I asked the doctor what could have caused it. She said it was probably just my age and the fact I had had chicken pox when I was younger.


Grr. Talk about poison. Well, there you are.


  1. Ah yes, the shingles. I had an eruption of that a while back, with stabbing erratic pains in the abdomen area. They seemed worst at night. I remember going to my computer at 3 in the morning, googling what I thought my symptoms represented: I was convinced this was gall stones. Seemed to be in that area. I’d heard people describe gall stone problems, and what they said resembled this kind of pain. After a couple of nights and days of this, I'd had enough and went over to the walk-in clinic, preparing myself for surgery. As I sat on the examining table relating my woes, the doctor sat in a stool across the way, taking notes and asking questions. After I finished my story, with the self-diagnosis of gall stones, he remained seated, thinking, unconvinced. Then I said, somewhat parenthetically, "Oh, and I have this weird rash on my torso..." Before I said any more, he jumped up, the wheeled stool winging against the wall. "Let's see that rash!" he exclaimed. So I pulled up the lovely gown to show him. "Ah ha! Just as I thought. Shingles!"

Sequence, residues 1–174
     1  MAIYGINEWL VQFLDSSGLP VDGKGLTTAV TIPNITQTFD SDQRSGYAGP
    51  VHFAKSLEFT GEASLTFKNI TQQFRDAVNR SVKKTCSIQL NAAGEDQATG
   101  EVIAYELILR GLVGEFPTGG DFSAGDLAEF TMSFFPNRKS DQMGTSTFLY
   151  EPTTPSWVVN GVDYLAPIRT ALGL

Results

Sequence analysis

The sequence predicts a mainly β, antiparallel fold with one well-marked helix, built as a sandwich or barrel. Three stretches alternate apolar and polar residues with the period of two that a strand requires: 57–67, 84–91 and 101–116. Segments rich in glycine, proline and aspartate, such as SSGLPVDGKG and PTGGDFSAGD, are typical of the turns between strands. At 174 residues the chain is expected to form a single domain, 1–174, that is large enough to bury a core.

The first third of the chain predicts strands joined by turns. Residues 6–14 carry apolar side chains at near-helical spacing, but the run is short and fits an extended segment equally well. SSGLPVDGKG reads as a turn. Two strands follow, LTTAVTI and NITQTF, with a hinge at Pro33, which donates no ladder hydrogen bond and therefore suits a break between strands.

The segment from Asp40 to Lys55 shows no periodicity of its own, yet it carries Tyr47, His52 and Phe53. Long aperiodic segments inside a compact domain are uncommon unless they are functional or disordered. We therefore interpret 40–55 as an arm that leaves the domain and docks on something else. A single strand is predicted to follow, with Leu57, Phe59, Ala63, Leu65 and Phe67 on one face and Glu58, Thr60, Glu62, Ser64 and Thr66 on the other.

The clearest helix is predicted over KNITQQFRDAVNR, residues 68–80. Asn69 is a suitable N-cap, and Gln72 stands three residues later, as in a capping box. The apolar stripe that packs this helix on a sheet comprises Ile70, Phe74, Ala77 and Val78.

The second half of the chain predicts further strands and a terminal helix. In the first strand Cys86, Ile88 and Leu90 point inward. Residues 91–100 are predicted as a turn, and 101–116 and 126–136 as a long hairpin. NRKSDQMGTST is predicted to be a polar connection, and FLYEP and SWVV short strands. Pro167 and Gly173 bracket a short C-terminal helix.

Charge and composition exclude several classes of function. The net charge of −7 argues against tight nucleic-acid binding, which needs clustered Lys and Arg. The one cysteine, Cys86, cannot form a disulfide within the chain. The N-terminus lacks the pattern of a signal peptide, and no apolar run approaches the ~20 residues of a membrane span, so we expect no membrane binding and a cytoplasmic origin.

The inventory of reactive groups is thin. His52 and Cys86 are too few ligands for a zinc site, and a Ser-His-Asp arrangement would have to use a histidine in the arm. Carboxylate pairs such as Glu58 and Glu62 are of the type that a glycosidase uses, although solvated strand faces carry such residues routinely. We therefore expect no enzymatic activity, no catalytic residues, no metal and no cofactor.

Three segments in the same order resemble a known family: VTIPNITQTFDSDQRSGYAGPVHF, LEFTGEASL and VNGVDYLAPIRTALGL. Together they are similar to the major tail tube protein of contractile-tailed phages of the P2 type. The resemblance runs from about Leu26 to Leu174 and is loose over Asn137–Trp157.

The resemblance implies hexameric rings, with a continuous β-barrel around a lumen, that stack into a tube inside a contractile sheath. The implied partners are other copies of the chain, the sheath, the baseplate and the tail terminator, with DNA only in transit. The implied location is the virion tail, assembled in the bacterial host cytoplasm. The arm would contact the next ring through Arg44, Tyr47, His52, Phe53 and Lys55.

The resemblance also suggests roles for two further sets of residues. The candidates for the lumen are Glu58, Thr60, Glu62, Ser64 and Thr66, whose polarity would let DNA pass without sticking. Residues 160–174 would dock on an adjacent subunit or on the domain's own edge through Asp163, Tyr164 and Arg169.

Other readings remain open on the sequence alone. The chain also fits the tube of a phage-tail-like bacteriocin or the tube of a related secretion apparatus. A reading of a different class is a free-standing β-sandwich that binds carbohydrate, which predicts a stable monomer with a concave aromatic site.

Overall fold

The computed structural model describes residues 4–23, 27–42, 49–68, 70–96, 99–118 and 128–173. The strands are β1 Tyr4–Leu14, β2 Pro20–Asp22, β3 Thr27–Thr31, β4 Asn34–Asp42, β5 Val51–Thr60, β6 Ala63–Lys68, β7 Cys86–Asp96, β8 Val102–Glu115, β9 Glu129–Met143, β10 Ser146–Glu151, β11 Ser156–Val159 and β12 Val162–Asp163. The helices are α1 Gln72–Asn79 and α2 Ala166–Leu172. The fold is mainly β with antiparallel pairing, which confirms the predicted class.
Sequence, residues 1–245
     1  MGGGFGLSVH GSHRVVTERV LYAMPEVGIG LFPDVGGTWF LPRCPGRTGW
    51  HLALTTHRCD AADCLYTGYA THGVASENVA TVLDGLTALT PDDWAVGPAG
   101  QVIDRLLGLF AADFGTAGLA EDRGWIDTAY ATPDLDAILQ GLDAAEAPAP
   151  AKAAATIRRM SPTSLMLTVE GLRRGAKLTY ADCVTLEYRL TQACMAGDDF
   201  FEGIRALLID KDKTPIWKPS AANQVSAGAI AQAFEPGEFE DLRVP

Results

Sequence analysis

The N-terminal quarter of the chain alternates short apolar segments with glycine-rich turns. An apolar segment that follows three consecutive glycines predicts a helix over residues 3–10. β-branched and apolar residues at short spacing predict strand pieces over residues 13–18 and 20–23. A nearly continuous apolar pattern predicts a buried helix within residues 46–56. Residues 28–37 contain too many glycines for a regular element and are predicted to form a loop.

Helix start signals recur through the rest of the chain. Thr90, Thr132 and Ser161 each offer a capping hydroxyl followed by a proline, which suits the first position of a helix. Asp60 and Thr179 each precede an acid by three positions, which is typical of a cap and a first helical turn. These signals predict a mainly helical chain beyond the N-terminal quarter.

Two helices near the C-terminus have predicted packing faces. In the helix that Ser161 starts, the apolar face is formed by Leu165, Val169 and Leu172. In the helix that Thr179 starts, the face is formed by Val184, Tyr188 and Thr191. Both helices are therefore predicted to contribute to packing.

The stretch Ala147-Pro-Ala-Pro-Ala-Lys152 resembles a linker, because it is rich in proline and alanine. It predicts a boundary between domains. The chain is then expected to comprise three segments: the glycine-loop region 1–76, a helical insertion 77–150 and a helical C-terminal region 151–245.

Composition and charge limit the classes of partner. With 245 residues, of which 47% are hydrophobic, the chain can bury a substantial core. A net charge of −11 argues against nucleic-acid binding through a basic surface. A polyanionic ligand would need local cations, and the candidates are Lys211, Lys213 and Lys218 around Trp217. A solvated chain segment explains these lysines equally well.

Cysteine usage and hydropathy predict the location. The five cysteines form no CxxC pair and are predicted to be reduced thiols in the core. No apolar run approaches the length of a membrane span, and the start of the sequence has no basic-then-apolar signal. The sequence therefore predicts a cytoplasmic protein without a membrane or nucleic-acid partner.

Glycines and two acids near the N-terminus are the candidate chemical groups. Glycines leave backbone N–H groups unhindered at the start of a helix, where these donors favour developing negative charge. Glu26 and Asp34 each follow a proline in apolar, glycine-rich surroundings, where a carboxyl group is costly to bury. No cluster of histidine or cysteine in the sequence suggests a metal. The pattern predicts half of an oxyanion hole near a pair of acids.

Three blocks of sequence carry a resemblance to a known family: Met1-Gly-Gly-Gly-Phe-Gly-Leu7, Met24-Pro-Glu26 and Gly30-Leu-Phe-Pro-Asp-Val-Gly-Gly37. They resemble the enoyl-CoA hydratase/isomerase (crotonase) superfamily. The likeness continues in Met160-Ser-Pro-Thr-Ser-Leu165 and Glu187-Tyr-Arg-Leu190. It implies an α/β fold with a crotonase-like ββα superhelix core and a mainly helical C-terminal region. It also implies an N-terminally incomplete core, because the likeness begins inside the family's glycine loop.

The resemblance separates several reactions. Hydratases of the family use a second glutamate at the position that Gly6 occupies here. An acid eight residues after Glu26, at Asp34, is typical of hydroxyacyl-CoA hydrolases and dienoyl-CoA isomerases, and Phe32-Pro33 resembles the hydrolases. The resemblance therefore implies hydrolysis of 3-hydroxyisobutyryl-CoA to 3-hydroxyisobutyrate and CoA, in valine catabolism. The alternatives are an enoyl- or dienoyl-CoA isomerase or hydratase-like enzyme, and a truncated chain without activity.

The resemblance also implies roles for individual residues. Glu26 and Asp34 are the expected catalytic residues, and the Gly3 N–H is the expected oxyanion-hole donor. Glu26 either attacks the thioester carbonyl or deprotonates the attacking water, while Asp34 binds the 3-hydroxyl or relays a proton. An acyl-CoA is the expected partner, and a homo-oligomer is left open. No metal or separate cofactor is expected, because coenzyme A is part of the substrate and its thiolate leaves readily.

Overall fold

What th'??? Shingles? Sheesh. Yep, it's the chicken pox virus, coming out to haunt, after decades of hiding in the crevices of your body. It is one of the strangest diseases. Hurts like hell. But if you deal with the symptoms within about a week of them "presenting," modern medicine can at least lessen the extent and intensity with (very expensive) anti-viral drugs. Vicodin helped, also, but I just hate taking that shit. A colleague at work suggested going to an acupuncturist she had gone to for various problems. Acupuncture? By then, my back was so whacked, I couldn't sit or stand or lie down or walk or do anything without horrible wincing pain. Just like a badly strained back, which it was, from dealing with the pains in the front. Gads. What a mess. I called the acupuncturist and asked if he could deal with back and shingles pain. Oh yes, he said, those are common plights for him to treat.